• Provided a cushion for engagement even in turbulent times such as the nuclear weapons tests by India and Pakistan respectively or the Kargil War, where messages between the two countries were exchanged via the BALUSA Group
  • Helped via secret channels between India and Pakistan when leaders were searching for permanent, sustained good relations
  • Hosted by notable countries all supportive of a stable South Asia
  • Kept U.S. government in the loop through debriefings after the group’s meetings
  • Created a constituency for peaceful relations even as issues such as Kashmir divided India and Pakistan

Lessons for the Future

The work of BALUSA is detailed in the reports of each meeting (see PDF). There was an additional intangible gain from the effort in the links forged between the members which continue to this day.

A great deal of confidence building occurred. The effort could initially only be managed outside the subcontinent as the senior level members were reluctant to travel across the border. As the comfort level of the participants and their respective leaders grew, BALUSA meetings moved into India and Pakistan.

While people-to-people efforts between India and Pakistan are commendable and helpful for a better future, it is the leaders of each country who make the key decisions in the relationship. BALUSA focused on leaders.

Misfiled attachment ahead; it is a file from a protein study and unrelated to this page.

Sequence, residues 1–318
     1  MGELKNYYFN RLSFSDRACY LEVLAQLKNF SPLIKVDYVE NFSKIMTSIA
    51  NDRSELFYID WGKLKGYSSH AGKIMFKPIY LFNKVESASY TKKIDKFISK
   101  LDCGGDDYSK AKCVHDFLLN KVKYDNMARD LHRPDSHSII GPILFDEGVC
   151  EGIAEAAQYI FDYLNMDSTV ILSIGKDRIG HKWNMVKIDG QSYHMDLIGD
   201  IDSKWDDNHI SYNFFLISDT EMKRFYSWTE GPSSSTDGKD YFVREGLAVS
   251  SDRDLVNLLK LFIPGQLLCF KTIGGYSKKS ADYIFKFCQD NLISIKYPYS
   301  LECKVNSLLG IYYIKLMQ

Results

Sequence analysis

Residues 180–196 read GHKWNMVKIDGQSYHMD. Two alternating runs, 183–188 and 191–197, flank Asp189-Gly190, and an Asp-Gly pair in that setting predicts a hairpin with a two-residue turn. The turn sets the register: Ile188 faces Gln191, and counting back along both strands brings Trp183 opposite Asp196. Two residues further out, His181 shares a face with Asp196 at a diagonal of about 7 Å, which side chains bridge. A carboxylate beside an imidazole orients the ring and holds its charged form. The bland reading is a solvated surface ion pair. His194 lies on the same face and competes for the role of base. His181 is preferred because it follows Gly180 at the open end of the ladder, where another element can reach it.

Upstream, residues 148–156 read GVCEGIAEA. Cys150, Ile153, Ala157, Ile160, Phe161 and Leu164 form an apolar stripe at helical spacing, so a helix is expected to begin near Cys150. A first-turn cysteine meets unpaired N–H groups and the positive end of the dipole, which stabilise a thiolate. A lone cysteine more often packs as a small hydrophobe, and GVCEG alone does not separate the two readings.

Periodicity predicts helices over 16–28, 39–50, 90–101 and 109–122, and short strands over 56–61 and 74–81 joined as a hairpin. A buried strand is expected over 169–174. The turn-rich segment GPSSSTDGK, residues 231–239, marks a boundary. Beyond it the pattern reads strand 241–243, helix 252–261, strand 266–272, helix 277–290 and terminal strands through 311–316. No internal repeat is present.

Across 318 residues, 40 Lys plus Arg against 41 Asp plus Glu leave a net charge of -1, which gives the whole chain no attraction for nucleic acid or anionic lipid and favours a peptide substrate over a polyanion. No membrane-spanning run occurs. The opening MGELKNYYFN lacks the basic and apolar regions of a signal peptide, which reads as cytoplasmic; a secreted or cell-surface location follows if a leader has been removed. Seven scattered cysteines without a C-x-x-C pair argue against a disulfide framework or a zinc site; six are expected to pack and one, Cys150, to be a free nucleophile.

During the BALUSA years, despite critical differences, leaders of India and Pakistan wanted an improved relationship. Even as Kashmir became an internal Indian issue in the late 1980s and long before outside provocation became an issue, there was an informal understanding to work together, sometimes through secret channels representing each respective prime minister or leader.

Today, the Indian leadership is adamantly anti-normalization with Pakistan. New Delhi sees itself now as playing in the major leagues. Yet, enmity with Pakistan still serves as a constraint for Indian progress as it keeps the region unstable and stymies investment.

Pakistan under a new prime minister remains desirous of peace with India. However, there is a general wariness in the country, including in the military, to deal with what is perceived as condescension by the current Indian prime minister toward Pakistan. 

At times, the timing of conflicting Indian and Pakistani policies hampers progress toward a durable peace. One can hope that their story does not permanently become one of “never missing an opportunity to miss an opportunity.”

BALUSA Meetings

To view photos from the BALUSA Group meetings, click here. See below for a list of downloadable PDFs of the meetings that took place from 1995 to 2003: